Transfusion of older stored blood worsens outcomes in canines depending on the presence and severity of pneumonia

Dong Wang, Irene Cortés-Puch, Junfeng Sun, Steven B. Solomon, Tamir Kanias, Kenneth E. Remy, Jing Feng, Meghna Alimchandani, Martha Quezado, Christine Helms, Andreas Perlegas, Mark T. Gladwin, Daniel B. Kim-Shapiro, Harvey G. Klein, Charles Natanson

Research output: Contribution to journalArticlepeer-review

48 Scopus citations


In experimental pneumonia we found that transfused older blood increased mortality and lung injury that was associated with increased in vivo hemolysis and elevated plasma cell-free hemoglobin (CFH), non-transferrin-bound iron (NTBI), and plasma labile iron (PLI) levels. In this study, we additionally analyze identically treated animals that received lower or higher bacterial doses. Study Design and Methods Two-year-old purpose-bred beagles (n=48) challenged intrabronchially with Staphylococcus aureus (0 [n=8], 1.0×109 [n=8], 1.25×109 [n=24], and ≥1.5×109 [n=8]colony-forming units/kg) were exchange transfused with either 7- or 42-day-old canine universal donor blood (80mL/kg in four divided doses). Results The greater increases in CFH with older blood over days after exchange proved relatively independent of bacterial dose. The lesser increases in CFH observed with fresher blood were bacterial dose dependent potentially related to bacterial hemolysins. Without bacterial challenge, levels of CFH, NTBI, and PLI were significantly higher with older versus fresher blood transfusion but there was no significant measurable injury. With higher-dose bacterial challenge, the elevated NTBI and PLI levels declined more rapidly and to a greater extent after transfusion with older versus fresher blood, and older blood was associated with significantly worse shock, lung injury, and mortality. Conclusion The augmented in vivo hemolysis of transfused older red blood cells (RBCs) appears to result in excess plasma CFH and iron release, which requires the presence of established infection to worsen outcome. These data suggest that transfused older RBCs increase the risks from infection in septic subjects.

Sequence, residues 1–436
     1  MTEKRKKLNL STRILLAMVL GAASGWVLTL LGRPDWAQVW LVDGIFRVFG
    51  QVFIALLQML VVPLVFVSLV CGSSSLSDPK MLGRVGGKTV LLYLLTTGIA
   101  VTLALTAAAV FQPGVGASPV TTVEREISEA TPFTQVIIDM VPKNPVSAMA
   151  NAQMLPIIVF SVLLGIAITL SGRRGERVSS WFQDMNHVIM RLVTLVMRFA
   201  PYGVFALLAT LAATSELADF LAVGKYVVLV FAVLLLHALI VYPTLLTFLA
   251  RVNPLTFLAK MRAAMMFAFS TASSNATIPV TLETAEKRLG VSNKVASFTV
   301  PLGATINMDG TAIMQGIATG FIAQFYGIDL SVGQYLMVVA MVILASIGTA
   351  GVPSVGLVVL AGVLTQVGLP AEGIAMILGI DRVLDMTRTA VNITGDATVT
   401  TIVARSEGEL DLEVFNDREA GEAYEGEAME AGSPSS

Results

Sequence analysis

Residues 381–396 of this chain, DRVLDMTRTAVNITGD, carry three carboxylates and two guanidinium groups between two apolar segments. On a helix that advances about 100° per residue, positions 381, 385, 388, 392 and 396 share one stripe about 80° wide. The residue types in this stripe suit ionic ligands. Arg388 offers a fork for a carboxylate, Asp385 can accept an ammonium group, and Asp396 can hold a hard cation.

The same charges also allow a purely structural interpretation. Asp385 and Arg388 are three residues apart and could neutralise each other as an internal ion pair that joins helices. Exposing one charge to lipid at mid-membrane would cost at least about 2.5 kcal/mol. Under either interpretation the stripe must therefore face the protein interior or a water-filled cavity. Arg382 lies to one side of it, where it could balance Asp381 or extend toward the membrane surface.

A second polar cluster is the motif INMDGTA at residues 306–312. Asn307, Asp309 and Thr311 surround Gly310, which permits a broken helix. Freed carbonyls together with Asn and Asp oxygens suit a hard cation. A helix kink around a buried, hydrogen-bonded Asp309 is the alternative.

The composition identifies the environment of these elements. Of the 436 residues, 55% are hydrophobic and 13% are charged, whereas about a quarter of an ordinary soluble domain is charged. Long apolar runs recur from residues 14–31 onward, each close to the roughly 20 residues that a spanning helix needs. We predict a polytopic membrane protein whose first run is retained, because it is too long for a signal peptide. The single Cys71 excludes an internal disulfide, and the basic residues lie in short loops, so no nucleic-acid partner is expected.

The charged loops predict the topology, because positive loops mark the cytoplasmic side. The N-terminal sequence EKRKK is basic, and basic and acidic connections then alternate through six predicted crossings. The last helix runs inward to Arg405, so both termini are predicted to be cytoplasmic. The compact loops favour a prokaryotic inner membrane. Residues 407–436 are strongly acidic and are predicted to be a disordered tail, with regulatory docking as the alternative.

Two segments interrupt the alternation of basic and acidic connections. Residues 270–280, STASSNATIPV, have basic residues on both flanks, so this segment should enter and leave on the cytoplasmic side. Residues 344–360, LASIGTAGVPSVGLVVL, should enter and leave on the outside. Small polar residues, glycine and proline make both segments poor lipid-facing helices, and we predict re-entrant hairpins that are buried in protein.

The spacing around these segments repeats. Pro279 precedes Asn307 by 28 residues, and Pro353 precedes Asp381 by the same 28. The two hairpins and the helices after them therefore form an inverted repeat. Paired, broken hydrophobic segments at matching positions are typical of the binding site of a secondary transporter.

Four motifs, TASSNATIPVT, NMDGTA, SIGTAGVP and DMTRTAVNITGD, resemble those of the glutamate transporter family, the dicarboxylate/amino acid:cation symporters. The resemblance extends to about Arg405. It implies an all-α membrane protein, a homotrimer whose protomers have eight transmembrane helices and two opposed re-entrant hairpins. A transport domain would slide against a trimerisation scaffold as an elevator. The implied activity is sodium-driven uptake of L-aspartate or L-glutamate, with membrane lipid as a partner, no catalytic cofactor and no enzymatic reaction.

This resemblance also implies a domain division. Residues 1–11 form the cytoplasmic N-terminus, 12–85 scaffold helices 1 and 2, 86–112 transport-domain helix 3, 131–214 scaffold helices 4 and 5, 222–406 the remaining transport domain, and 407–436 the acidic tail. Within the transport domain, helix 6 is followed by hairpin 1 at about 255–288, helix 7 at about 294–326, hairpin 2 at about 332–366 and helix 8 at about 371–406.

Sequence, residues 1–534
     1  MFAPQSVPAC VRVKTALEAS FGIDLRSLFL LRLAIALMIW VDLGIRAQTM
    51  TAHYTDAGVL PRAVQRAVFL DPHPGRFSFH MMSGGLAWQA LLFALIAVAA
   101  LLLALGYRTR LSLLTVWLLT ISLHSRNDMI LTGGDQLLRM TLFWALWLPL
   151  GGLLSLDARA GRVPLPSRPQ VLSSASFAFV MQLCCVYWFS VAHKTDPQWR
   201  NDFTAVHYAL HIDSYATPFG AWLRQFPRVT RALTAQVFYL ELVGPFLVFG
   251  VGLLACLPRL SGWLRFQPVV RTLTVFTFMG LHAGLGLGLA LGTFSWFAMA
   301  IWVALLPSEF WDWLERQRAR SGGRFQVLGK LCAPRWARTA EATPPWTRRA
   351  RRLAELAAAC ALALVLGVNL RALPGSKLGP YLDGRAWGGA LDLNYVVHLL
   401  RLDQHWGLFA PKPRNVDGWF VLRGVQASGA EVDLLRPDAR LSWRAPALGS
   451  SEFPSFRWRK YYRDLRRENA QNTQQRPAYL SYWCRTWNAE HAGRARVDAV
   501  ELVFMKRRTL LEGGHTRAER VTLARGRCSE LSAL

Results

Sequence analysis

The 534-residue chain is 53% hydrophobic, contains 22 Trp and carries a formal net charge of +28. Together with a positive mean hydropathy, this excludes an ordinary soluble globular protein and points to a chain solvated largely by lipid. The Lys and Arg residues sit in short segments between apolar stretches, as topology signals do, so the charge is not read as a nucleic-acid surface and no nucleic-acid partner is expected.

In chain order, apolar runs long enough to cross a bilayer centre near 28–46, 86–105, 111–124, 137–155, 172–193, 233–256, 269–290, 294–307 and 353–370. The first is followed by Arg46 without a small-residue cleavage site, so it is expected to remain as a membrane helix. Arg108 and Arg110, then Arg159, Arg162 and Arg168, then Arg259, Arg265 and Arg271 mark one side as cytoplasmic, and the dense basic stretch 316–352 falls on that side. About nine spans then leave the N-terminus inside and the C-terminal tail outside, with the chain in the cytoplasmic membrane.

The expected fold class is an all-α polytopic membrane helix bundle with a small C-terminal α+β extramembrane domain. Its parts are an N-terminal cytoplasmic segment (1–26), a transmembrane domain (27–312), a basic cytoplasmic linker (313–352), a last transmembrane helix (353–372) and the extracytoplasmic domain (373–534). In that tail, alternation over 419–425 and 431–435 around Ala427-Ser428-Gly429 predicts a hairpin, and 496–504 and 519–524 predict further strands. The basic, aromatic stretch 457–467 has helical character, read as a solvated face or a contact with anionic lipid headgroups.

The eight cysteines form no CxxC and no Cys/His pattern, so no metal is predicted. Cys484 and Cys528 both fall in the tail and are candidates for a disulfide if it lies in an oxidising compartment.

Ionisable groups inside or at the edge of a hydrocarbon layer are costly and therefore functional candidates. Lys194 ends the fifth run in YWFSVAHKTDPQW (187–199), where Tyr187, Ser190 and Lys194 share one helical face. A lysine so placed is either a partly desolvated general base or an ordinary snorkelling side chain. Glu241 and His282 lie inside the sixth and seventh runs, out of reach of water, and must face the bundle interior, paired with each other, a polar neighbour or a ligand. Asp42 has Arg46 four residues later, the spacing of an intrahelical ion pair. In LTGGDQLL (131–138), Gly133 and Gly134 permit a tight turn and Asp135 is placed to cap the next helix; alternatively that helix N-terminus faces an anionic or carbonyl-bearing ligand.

Original languageEnglish
Pages (from-to)1712-1724
Number of pages13
Issue number7
StatePublished - Jul 2014


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